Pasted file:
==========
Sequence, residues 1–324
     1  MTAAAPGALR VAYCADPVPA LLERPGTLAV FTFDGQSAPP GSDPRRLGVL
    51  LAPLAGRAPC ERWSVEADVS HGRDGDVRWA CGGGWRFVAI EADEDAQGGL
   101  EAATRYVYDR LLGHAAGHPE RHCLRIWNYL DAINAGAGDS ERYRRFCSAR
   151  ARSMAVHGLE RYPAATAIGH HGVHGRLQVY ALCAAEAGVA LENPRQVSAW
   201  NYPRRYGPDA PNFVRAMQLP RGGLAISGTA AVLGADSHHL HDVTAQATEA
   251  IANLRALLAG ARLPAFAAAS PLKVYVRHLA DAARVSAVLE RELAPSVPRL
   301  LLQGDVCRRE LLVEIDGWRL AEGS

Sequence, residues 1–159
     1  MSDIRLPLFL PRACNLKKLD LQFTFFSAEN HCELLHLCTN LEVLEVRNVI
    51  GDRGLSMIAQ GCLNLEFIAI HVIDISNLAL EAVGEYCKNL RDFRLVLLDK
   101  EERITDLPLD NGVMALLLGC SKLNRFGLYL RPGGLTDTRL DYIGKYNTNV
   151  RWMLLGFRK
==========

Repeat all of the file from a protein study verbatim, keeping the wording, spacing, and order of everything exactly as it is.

Sequence, residues 1–324
     1  MTAAAPGALR VAYCADPVPA LLERPGTLAV FTFDGQSAPP GSDPRRLGVL
    51  LAPLAGRAPC ERWSVEADVS HGRDGDVRWA CGGGWRFVAI EADEDAQGGL
   101  EAATRYVYDR LLGHAAGHPE RHCLRIWNYL DAINAGAGDS ERYRRFCSAR
   151  ARSMAVHGLE RYPAATAIGH HGVHGRLQVY ALCAAEAGVA LENPRQVSAW
   201  NYPRRYGPDA PNFVRAMQLP RGGLAISGTA AVLGADSHHL HDVTAQATEA
   251  IANLRALLAG ARLPAFAAAS PLKVYVRHLA DAARVSAVLE RELAPSVPRL
   301  LLQGDVCRRE LLVEIDGWRL AEGS

Sequence, residues 1–159
     1  MSDIRLPLFL PRACNLKKLD LQFTFFSAEN HCELLHLCTN LEVLEVRNVI
    51  GDRGLSMIAQ GCLNLEFIAI HVIDISNLAL EAVGEYCKNL RDFRLVLLDK
   101  EERITDLPLD NGVMALLLGC SKLNRFGLYL RPGGLTDTRL DYIGKYNTNV
   151  RWMLLGFRK